2. You quote Logan Stotland out of context. She explains that psychiatrists actually do not make a lot of money compared with other medical specialties.

    3. The reason psychiatrists do not use alcohol or heroin is that there is no good evidence clinical trials that alcohol or heroin are effective treatments for e. g. clinical depression. In fact, substance abuse tends to make many mental conditions worse.

    4. As for prejudice against psychiatry and psychiatrists, it is fairly well-documented that individuals with mental conditions were thought to be punished for their sins or possessed by demons. This of course made the efforts of psychiatrists (or the past equivalent) very difficult.

    See e. g.

    Fornaro, M., Clementi, N., & Fornaro, P. (2009). Medicine and psychiatry in Western culture: Ancient Greek myths and modern prejudices. Annals of General Psychiatry, 8(1), 21.

  6. nickfederale March 3, 2012 at 22:55

    1. Religion defined homosexuality as a sin. It took psychiatrists to define it as a mental disorder. And due to political pressure it was ‘voted’ out of the DSM.
    2. To quote ‘we make a good living’ Is that not enough?
    3. Alcohol has been used for thousands of years to cope with depression (clinical or not). It has been shown that SSRIs are little different to placebos. All drugs, including psychotics, can be abused.
    4. Prejudice against those deemed to have a mental disorder has always existed. There is little prejudice against psychiatrists (apart from a small minority.)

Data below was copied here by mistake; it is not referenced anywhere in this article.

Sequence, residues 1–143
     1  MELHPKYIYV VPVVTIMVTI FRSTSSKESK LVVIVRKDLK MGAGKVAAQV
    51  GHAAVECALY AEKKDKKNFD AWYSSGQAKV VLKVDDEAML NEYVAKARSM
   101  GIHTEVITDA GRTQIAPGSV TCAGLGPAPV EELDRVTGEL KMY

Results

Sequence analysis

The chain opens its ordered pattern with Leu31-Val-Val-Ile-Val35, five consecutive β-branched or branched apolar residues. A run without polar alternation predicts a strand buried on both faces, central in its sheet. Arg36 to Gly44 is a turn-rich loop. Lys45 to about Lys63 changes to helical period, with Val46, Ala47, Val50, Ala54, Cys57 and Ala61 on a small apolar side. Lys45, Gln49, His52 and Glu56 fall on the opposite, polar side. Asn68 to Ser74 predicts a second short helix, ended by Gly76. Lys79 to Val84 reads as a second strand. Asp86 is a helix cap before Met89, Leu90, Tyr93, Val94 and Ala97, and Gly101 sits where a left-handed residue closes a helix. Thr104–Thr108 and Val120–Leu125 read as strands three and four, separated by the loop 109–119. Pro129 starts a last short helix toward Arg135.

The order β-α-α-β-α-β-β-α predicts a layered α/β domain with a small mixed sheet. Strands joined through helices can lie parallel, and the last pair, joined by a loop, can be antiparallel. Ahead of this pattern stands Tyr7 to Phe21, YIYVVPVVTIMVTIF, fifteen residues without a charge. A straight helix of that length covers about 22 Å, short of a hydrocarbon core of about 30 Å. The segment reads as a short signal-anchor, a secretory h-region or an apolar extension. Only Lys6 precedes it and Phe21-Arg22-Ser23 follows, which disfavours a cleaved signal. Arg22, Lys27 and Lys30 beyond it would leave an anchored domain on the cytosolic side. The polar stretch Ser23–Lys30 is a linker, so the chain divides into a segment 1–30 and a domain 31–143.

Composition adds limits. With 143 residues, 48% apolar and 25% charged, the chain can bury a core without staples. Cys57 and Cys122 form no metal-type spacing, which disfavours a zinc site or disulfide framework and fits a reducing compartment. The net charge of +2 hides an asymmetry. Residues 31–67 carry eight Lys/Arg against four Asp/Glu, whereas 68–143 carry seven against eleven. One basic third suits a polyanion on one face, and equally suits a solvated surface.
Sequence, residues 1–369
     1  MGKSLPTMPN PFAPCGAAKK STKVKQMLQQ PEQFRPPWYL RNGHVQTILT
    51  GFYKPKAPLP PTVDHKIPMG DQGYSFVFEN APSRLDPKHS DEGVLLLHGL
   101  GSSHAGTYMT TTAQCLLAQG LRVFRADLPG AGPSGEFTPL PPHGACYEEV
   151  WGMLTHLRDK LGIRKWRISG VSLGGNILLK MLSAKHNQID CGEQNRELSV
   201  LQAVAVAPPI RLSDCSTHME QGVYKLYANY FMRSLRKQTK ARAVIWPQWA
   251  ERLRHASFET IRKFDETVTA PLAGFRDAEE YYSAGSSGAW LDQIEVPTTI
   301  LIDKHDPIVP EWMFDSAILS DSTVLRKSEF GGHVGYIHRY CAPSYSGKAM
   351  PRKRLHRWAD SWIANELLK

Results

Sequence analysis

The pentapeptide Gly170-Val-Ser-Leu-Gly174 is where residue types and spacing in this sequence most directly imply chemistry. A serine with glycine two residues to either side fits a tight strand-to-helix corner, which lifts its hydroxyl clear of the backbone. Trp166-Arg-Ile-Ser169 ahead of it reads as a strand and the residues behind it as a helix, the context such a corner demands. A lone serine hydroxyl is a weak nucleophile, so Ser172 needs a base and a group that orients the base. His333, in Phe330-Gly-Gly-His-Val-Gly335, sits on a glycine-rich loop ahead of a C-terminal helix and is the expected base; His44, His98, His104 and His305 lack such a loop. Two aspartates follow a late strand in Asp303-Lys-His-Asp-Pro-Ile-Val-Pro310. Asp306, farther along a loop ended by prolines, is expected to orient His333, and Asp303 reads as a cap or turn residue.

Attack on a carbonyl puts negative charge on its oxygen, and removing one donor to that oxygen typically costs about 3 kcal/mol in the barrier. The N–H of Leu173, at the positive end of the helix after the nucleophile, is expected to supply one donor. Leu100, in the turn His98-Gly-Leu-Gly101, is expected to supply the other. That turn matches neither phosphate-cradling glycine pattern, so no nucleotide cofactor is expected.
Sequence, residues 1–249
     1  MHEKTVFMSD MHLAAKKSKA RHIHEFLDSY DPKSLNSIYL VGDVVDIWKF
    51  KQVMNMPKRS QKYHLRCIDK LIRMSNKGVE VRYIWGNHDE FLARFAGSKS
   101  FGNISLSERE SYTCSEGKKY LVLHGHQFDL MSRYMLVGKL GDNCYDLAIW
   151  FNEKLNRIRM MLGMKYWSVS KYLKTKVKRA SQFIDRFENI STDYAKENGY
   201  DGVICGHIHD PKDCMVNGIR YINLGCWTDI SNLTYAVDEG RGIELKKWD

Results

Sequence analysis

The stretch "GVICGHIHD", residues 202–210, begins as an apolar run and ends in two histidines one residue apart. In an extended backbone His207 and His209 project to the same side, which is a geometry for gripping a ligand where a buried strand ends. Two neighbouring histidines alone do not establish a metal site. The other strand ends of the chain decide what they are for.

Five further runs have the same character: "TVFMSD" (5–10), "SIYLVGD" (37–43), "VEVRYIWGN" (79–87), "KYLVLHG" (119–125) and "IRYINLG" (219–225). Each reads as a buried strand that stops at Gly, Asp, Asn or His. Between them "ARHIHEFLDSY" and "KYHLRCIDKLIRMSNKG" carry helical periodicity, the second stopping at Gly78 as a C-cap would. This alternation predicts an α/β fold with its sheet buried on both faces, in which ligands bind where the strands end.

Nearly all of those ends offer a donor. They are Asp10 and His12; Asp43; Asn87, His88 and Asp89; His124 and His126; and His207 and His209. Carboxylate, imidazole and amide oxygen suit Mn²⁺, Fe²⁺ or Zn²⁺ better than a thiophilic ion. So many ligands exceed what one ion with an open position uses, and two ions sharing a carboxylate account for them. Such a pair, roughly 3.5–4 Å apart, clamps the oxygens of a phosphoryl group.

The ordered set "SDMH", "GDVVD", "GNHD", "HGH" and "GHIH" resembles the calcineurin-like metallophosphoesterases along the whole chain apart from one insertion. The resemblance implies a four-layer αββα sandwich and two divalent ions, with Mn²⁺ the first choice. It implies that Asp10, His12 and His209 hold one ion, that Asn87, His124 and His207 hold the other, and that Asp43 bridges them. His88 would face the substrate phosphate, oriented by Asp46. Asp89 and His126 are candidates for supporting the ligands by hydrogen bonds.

Are you familiar with ‘anti’ psychiatry works? Robert Whitaker? Thomas Szasz? Richard Bentall? http://www.garygreenbergonline.com/ is an interesting blog. Are you familiar with antpsychiatry.org or Mindfreedom, Critical Psychiatry, the CCHR or Mad Pride? Hundreds of sites growing every day.

    Are you aware that in the UK and the US, thousands of professionals including Allen Francis are petitioning against the DSM5? Psychiatry is being found out as the pseudoscience it is.

  7. Emil Karlsson March 4, 2012 at 02:06

    1. Again, you need to understand the religious background in order to understand why homosexuality was considered a mental disorder. In the Bible, sex between two men is punishable by death. Thomas Aquinas considered homosexual sex as “unnatural”. It is in this cultural background that ideas about sexual orientation and identity that homosexuality was a mental disorder arose. Then psychologists reexamined this conclusion, with the three Ds as their guiding principles, and concluded that homosexuality, was in fact, not a mental disorder. The fact that psychiatry has the ability for self-correction shows that it is science-based, not a pseudoscience.